COVID-19 Resources

Latest COVID-19 Updates

APTA issued this guidance on November 5:

The U.S. Centers for Medicare & Medicaid Services and the Occupational Safety and Health Administration have released their expansive new rules on coronavirus vaccines. The CMS rule, which essentially mandates vaccination with limited exceptions, applies to an estimated 76,000 health care facilities and 17 million workers, while OSHA’s rule requiring vaccination or weekly testing is focused on all entities with 100 or more employees. Both rules officially went into effect on Nov. 5, with full compliance expected by Jan. 4, 2022.

What does it all mean for PTs and PTAs? Our latest APTA Practice Advisory provides an in-depth look at the CMS rule to help members navigate the requirements. It’s highly recommended reading, but for a quick overview, here are six things you should know about the new rules right now.

1. If you work for just about any health care facility, the CMS rule probably applies to you.
The CMS rule requires vaccination for staff associated with any facility regulated by Medicare conditions of participation or conditions for coverage. That’s a large swath that includes everything from nursing homes to ambulatory surgical centers to clinics, rehabilitation agencies, and public health agencies as providers of outpatient physical therapy and speech-language pathology services (see the APTA Practice Advisory for a detailed list). And it applies to not just health care providers, but to all current and future staff including students, trainees, and volunteers, as well as anyone who provides services under contracts or other arrangements with the facility.

2. The CMS rule doesn’t apply to private physical therapy practices.
The line between who does and doesn’t have to follow the new rule is drawn around the Medicare Conditions of Participation. Since private practices aren’t subject to those conditions, they are not addressed in the new rule.

3. First shots need to be received by Dec. 5, and the second before Jan. 4.
The CMS rule now in place has two compliance phases. At phase one, effective Dec. 5, all employees must have received their first vaccine dose or been granted a formal exemption (more on that below), and facilities must have policies and procedures in place for tracking compliance. Phase two begins on Jan. 4 — that’s the deadline for all employees to be fully vaccinated. Employees who are fewer than 14 days from their second shot by then will need to take additional safety precautions until those days are up.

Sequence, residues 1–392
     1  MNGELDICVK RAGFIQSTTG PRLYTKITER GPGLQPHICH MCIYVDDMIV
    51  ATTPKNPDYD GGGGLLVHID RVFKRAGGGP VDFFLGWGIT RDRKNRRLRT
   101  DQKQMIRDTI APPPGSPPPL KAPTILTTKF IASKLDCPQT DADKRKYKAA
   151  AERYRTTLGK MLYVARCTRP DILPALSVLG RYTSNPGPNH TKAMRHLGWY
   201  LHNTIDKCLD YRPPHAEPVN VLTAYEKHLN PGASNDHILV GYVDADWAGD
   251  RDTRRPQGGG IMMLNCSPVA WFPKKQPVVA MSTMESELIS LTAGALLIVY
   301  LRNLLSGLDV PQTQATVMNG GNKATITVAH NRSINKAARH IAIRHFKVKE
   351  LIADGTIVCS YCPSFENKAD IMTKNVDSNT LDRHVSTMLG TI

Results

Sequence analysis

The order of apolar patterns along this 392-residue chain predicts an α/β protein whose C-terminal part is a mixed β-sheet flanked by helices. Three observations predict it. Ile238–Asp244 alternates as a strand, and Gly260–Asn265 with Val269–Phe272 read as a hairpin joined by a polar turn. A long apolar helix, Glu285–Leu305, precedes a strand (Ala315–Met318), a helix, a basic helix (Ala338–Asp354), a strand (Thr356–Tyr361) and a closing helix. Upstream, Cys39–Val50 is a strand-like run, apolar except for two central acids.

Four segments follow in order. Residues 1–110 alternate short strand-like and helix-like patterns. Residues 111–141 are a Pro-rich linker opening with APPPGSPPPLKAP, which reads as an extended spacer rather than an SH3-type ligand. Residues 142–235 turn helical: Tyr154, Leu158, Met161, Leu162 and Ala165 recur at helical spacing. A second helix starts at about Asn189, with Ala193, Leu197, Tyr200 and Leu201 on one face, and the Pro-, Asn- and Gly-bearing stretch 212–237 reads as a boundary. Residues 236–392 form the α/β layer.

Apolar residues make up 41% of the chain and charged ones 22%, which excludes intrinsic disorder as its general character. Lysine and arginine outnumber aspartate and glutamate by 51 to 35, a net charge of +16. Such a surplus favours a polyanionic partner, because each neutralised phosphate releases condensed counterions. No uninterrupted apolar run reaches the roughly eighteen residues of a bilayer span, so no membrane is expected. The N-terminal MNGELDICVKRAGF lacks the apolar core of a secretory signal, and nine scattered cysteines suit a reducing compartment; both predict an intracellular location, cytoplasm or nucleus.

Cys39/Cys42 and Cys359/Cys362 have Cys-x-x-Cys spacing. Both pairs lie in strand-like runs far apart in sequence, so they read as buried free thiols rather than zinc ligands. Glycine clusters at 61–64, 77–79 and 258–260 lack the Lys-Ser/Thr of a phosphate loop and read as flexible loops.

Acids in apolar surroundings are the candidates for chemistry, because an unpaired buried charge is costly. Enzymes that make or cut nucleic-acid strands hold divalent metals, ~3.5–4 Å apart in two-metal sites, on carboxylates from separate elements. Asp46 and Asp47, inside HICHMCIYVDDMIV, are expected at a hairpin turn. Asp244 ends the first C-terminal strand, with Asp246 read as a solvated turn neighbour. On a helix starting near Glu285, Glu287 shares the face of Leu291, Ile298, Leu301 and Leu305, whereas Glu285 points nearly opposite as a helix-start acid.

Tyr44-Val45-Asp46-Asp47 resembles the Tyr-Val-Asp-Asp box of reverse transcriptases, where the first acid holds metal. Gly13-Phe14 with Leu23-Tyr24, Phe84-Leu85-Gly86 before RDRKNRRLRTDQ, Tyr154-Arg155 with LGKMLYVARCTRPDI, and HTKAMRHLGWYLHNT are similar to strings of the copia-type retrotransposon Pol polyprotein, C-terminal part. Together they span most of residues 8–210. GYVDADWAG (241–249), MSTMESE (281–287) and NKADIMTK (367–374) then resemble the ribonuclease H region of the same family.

4. There are (limited) exemptions.
If you work 100% remotely, you aren’t subject to the CMS requirements. The rule also carves out the potential for exceptions based on medical conditions and religious beliefs. Facilities are permitted to develop their own policies and procedures for making exception determinations, but they must follow applicable federal law, and in the case of medical exemptions they must document the specific contraindications and include a statement from a health care practitioner affirming the need for an exemption. The exempted employees must in turn receive accommodations in line with Equal Employment Opportunity Commission guidelines.

5. The rule has teeth.
Facilities need to take the new rule seriously. For nursing homes, home health agencies, and hospice the ramifications of noncompliance include monetary penalties, denial of payment, and even termination from the Medicare and Medicaid program as a final measure. The remedy for noncompliance among hospitals and certain other acute and continuing care providers is termination. At the same time, CMS says its goal is to bring health care facilities into compliance, and that termination would be a last resort. For more detail, check out the APTA Practice Advisory.

6. If the CMS rule doesn’t apply to you, the OSHA rule might.
Although the vast majority of PTs and PTAs affected by the new rules are subject to the CMS version, it’s also possible that some may be required to follow the new OSHA requirements. That rule, which applies to employers with 100 or more employees, takes a bit less stringent approach than CMS does, requiring either a full course of vaccine or weekly COVID-19 testing. The vaccine will be supplied to employees free of charge, but employers aren’t required to pay for either testing or masks, and could pass along these costs to their nonvaccinated employees. Check out the entire OSHA rule.